By September 30 the U.S. Fish and Wildlife Service must decide whether to list the Greater Sage-Grouse under the Endangered Species Act. The bird, whose sagebrush habitat spans 11 western states, has been under consideration since 2010, due to rampant habitat loss and fragmentation. The listing threat has sparked unparalleled, landscape-scale conservation efforts to try to preclude that outcome: New state and federal plans have been created to protect core grouse habitat on public lands, and landowners have voluntarily stepped up to restore private property, largely through the Sage Grouse Initiative, a public–private partnership launched by the USDA’s Natural Resources Conservation Service. Since 2010, SGI stakeholders have invested $424.5 million to conserve 4.4 million acres on property held by more than 1,100 landowners. In exchange for adopting binding, federally approved plans to protect the grouse, landowners will be exempted from additional regulatory requirements should it be listed later (see the hours of labor that have gone toward these efforts below). Will these steps keep the iconic bird off the list? The clock’s ticking.
By the Numbers
44 Percent drop in sage-grouse range, from 297 million acres pre-settlement to 165 million acres today
<500,000 Number of birds today, down from millions more than a century ago
32 Percent of core grouse habitat on private lands (public land is 62% federal, 6% state)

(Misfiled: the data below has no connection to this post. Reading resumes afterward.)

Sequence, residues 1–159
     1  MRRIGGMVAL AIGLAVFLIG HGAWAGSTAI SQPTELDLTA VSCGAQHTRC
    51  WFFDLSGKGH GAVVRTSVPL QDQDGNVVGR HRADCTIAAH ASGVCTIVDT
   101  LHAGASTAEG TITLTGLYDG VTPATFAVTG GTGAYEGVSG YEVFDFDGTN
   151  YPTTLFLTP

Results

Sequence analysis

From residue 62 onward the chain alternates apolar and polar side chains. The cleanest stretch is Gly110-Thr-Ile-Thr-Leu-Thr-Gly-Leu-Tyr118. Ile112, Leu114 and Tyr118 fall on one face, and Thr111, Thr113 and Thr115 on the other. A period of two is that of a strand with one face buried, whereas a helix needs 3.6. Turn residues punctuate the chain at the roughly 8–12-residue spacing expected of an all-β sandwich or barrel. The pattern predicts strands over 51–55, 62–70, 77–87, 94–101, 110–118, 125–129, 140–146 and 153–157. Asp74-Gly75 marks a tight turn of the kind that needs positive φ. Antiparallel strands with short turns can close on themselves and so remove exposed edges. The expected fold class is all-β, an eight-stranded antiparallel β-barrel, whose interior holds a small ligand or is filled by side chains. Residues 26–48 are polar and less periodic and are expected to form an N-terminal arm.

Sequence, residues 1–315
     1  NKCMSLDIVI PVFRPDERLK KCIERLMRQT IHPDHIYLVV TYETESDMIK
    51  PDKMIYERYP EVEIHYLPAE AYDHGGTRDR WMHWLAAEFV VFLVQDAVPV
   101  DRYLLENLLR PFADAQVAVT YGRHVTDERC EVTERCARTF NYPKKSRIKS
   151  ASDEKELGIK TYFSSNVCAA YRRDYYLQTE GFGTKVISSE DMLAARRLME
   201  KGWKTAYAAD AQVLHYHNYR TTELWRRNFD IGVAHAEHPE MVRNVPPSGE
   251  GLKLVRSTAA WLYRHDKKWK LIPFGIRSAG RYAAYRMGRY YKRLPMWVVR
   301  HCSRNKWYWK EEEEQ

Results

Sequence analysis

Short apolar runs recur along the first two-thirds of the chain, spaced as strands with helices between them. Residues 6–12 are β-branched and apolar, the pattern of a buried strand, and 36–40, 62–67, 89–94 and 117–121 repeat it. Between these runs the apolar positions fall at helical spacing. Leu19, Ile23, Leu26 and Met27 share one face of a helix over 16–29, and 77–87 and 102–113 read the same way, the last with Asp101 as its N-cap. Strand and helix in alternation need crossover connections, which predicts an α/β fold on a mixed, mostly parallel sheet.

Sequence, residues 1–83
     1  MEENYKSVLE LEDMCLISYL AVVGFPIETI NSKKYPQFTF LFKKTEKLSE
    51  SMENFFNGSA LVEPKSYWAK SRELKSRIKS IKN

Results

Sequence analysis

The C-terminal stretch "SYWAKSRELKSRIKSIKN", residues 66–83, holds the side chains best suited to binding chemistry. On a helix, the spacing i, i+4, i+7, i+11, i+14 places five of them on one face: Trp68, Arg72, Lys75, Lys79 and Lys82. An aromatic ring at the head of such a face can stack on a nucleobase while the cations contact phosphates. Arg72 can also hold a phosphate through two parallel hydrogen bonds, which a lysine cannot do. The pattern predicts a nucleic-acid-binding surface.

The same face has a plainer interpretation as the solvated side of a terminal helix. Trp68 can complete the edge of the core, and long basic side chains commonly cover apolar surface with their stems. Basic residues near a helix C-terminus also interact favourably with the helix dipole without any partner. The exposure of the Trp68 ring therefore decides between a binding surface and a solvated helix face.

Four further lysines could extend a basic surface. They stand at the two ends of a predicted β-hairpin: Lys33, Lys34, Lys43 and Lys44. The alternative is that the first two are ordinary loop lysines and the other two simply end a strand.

60 Percent reduction in conventional drilling in Wyoming’s priority habitat since 2010, when the state implemented a management plan that allows no more than 5% development in core grouse areas (other states have since adopted similar plans)
1,600 Percent increase in Wyoming during that same period in directional drilling, which allows companies to access deposits from the side, thus protecting sensitive lands above.
35 Millions of federally controlled acres of priority habitat with restrictions meant to prevent habitat degradation under new Bureau of Land Management plans
20 Number of years the BLM plans will be in effect
623 Millions of dollars spent by hunters, campers, and other recreational users of BLM sagebrush lands in 2013
363 Number of sagebrush-dependent plant and animal species that benefit from grouse conservation
If the Greater Sage-Grouse is listed, federal restrictions could lock up tens of millions of acres, potentially costing the region billions of dollars in lost tax revenues and economic activity from development and recreation. If the bird isn’t listed, restoration work is far from over—massive conservation efforts will have to continue to protect the bird and its habitat in order to prevent a future listing.